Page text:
By Tage Christiansen. Paper. Pp. 229, with 17 figures, 46 tables and 112 protocols. Copenhagen: Levin & Munksgaard, 1933.
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This doctor's dissertation contributes important data on two questions. The first is whether the individual glands (the liver, the pancreas and the duodenal glands) which pour their secretion into the duodenum are capable of adapting the nature of their secretion to the nature of the food to be digested, and the second is whether normal gastric digestion is a necessary prerequisite for normal duodenal digestion. In studying the former question Christiansen took a series of normal human subjects and by means of an Einhorn tube introduced into their duodenums chyme obtained by aspiration from the stomachs of other normal subjects. The donors had masticated and swallowed meals consisting of starch, veal or 16 per cent cream, according to whether carbohydrate, protein or fat was to be studied. This avoided many of the objections to experiments on animals and to observations on human patients with traumatic or surgical fistulas and enabled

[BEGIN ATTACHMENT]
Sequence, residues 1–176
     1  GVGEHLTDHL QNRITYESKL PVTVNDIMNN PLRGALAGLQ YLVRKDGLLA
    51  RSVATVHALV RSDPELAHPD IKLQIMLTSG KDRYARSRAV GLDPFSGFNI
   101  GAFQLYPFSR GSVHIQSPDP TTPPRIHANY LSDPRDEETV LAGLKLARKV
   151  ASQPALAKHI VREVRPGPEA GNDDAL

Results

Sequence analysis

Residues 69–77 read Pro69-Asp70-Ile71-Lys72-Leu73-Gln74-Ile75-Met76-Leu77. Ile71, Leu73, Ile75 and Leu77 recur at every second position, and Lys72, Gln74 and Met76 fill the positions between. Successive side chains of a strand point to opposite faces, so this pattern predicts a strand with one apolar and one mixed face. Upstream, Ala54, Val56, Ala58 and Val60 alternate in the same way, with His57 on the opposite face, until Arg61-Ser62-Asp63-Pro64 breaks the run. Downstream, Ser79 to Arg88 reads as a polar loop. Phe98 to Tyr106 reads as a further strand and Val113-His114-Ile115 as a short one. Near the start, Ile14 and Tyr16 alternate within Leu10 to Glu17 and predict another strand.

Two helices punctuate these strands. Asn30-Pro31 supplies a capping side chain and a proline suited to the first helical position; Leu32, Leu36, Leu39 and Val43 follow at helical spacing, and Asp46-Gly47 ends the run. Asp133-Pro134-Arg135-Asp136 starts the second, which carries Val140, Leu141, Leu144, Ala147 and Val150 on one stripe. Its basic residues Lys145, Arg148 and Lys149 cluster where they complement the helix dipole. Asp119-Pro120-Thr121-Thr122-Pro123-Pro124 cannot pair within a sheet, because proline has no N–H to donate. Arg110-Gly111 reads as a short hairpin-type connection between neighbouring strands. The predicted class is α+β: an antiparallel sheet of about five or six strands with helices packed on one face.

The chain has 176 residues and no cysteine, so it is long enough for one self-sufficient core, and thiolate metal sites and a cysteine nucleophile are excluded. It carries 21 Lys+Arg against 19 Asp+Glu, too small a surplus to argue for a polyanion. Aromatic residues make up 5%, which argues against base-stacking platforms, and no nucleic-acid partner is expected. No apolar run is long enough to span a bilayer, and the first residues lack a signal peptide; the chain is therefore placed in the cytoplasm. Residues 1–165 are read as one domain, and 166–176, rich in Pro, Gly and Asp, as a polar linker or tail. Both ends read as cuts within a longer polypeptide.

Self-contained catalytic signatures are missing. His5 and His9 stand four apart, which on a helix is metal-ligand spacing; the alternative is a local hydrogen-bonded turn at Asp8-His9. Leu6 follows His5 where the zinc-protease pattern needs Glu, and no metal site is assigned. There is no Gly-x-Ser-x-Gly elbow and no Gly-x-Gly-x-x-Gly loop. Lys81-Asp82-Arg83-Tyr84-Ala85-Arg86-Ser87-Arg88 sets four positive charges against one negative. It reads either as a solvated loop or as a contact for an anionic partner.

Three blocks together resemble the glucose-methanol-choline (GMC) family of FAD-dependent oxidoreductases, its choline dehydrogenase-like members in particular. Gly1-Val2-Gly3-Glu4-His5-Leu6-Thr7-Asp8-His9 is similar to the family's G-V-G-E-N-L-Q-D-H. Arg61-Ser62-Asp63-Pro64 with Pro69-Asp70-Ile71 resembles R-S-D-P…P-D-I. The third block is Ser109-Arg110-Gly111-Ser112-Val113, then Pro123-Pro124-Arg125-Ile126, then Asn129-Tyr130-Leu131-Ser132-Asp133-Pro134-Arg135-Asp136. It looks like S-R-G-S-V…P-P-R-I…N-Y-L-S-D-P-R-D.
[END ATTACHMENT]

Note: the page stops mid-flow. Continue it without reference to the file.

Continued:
Kliniske studier over den digestive duodenalsaftsekretion.. Arch Intern Med (Chic). 1936;57(1):239. doi:10.1001/archinte.1936.00170050247021